• jessenoland

Prisoners of the Ghostland: Nicolas Cage is back at it again and I love it.

You know, speaking for myself and many others, I love Nicolas Cage. He is an actor that, despite the lower quality movies that he sometimes stars in, does put his all into a film and makes even the worse of films a helluva lot more enjoyable to watch. He can take a film that is boring and then make entire scenes memorable through his delivery and acting. Yes, it can be considered over the top at times, but it helps cement his identity and acting style and differentiates it from other actors in the industry. It is also great that he is having a career rejuvenation with critically successful films such as 2017's Mom and Dad, 2018's Mandy, 2019's The Color out of Space, 2021's Willie's Wonderland and Pig. It is a return to form that many fans are more than pleased with.

2021's Prisoners of the Ghostland, directed by Sion Sono (Shinjuku Swan) and written by Aaron Hendry/Reza Sixo Safai, the film is a combines Nicolas Cage's over-the-top acting with a stylish and action filled story that enables him to go all out. This movie is many things; stylized, colorful, gonzo, action filled, bizarre and more.

The Story and Writing

The story would take place in Samurai Town, a settlement that combines the American west with traditional/modern Japan after the events of a nuclear disaster, whilst the outside is known as the 'Ghostland', an irradiated wasteland that is reminiscent of any post apocalyptic visage. Hero (Nicolas Cage), is a prisoner who after a botched bank robbery is tasked by The Governor (Bill Moseley) to rescue his 'granddaughter' Bernice (Sofia Boutella) from the Ghostland and it's cult like denizens within five days or else his suit will detonate, killing him with strategically placed explosive devices.

Now, from the plot description, the idea of a prisoner having to go on what can be considered a suicide mission while armed with life threatening explosives sounds a whole lot like the recent DC Suicide Squad movies, and while that is a similar story trait, the story of this movie is more or less, completely original. It is an original screen play that is not based on a pre-existing comic or story, which is somewhat impressive nowadays. While some of the details and world building can be lost on the viewer, seeing as the makers of the movie released a prequel comic to coincide with the film's release, it is still a story that is easy to follow and comprehend the character's motives. There are several themes in this movie that are interesting to discuss and debate in the film such as the influence of western imperialism, the perils of nuclear destruction and radiation, how people who were affected by disaster are left to their devices and so on, but this is not an analysis of the film, but just a review.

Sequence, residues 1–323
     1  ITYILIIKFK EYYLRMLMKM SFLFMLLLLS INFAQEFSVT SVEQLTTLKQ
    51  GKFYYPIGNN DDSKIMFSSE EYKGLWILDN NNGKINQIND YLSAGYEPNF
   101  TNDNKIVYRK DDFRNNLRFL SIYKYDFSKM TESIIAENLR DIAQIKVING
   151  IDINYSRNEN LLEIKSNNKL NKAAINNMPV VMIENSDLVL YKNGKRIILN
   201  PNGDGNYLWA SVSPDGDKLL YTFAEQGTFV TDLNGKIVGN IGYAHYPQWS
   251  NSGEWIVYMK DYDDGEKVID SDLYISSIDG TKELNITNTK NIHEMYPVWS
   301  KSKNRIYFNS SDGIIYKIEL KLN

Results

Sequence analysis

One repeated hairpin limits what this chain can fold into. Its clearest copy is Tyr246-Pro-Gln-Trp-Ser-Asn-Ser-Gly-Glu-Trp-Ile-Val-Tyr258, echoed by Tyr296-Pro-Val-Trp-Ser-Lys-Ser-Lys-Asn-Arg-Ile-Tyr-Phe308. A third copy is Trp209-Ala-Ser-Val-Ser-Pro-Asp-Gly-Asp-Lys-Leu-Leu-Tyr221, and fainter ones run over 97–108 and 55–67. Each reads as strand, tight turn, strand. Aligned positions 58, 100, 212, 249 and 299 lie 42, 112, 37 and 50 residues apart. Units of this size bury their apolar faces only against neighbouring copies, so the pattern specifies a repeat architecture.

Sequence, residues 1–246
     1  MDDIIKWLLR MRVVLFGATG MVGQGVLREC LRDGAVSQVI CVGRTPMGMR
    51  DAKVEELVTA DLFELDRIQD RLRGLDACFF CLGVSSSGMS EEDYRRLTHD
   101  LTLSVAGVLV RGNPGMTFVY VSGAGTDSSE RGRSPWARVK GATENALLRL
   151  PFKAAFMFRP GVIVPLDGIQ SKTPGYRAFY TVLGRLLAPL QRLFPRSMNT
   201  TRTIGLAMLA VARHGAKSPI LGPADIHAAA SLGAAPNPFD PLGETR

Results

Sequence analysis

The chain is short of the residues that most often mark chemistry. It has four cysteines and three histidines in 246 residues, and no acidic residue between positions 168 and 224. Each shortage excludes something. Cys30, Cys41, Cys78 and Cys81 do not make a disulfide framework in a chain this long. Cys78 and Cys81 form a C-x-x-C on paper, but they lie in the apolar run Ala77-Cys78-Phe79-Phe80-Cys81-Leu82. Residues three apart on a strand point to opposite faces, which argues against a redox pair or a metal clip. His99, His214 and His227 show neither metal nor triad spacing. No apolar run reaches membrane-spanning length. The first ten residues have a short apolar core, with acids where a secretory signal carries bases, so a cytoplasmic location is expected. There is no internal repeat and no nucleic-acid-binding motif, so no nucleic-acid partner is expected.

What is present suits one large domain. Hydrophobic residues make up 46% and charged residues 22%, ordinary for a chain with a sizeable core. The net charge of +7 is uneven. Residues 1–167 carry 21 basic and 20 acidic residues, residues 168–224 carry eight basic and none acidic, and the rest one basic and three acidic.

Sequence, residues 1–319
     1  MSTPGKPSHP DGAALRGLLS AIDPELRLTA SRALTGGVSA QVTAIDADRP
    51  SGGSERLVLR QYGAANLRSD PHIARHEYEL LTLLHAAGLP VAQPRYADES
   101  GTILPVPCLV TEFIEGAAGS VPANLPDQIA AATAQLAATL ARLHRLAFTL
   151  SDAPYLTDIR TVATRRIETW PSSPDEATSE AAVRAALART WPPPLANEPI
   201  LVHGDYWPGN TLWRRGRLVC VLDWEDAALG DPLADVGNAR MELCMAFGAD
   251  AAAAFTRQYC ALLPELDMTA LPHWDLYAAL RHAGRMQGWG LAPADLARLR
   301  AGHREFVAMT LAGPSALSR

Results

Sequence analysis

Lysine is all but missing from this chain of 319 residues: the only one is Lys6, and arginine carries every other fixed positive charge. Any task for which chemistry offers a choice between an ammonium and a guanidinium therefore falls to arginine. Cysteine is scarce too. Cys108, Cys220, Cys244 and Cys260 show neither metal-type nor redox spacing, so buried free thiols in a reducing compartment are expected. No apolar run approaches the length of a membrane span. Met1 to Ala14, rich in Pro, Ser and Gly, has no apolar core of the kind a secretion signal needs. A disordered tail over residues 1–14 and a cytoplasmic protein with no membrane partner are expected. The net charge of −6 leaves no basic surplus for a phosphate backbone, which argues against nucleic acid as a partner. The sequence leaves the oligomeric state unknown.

Though admittingly, one problem that I personally had in the film would be that it was somewhat difficult to make out what some of the characters, such as the rat people, were saying, so watching this with subtitles is recommended for some.

The Characters

The characters in this movie are admittingly a mixed bag. Characters such as Yasujiro (Tak Sakaguchi) and Bernice are given less screen time and development thus coming off as surface level characters with Bernice being a young runaway and Yasujiro being the bodyguard with a change of heart. Though the actors who have the most presence in the film would be Nicolas Cage and Bill Moseley who bring their acting chops to the film and give performances that make the film a lot more enjoyable. With Bill Moseley being the womanizing dictator who rules with an iron fist to Nicolas Cage, well, being Nicolas Cage, they are enough to keep the audience's attention, especially when Cage goes into action mode.

The Cinematography

With cinematography by Sôhei Tanikawa (Fly Me to Saitama), Sion Sono's movie is fully brought to life. With beautiful cinematic shots and quick cuts, the film is a marvel to look at by itself. Sono is known as an auteur when it comes to film and it shows. The built set designs, costuming, props and more help to give this film an identity where we can pick up on how some of the people in Samurai Town and The Ghostland live their lives in this post apocalyptic future. The mix of the western and asian culture in Samurai Town to the Mad Max-ian ruins in the Ghostland are distinctively different, creating a visually beautiful contrast between the two. We even see things such as the Dekotora Trucks (a subcultural group of truck drivers who fully customize their trucks in beautiful artwork), which in a western film is rare and cool to look at.


To be clear, this movie is not for everyone. Some people will find this movie to be a bit of a slog at times and might find the plot to be confusing at points. But Prisoners of the Ghostlands is still a fun and gorgeous film to watch, especially if you are a Nicolas Cage fan. With decent action, beautiful cinematography, gorgeous set designs and costumes, good acting from the leads, it is definitely worth a watch, at least once.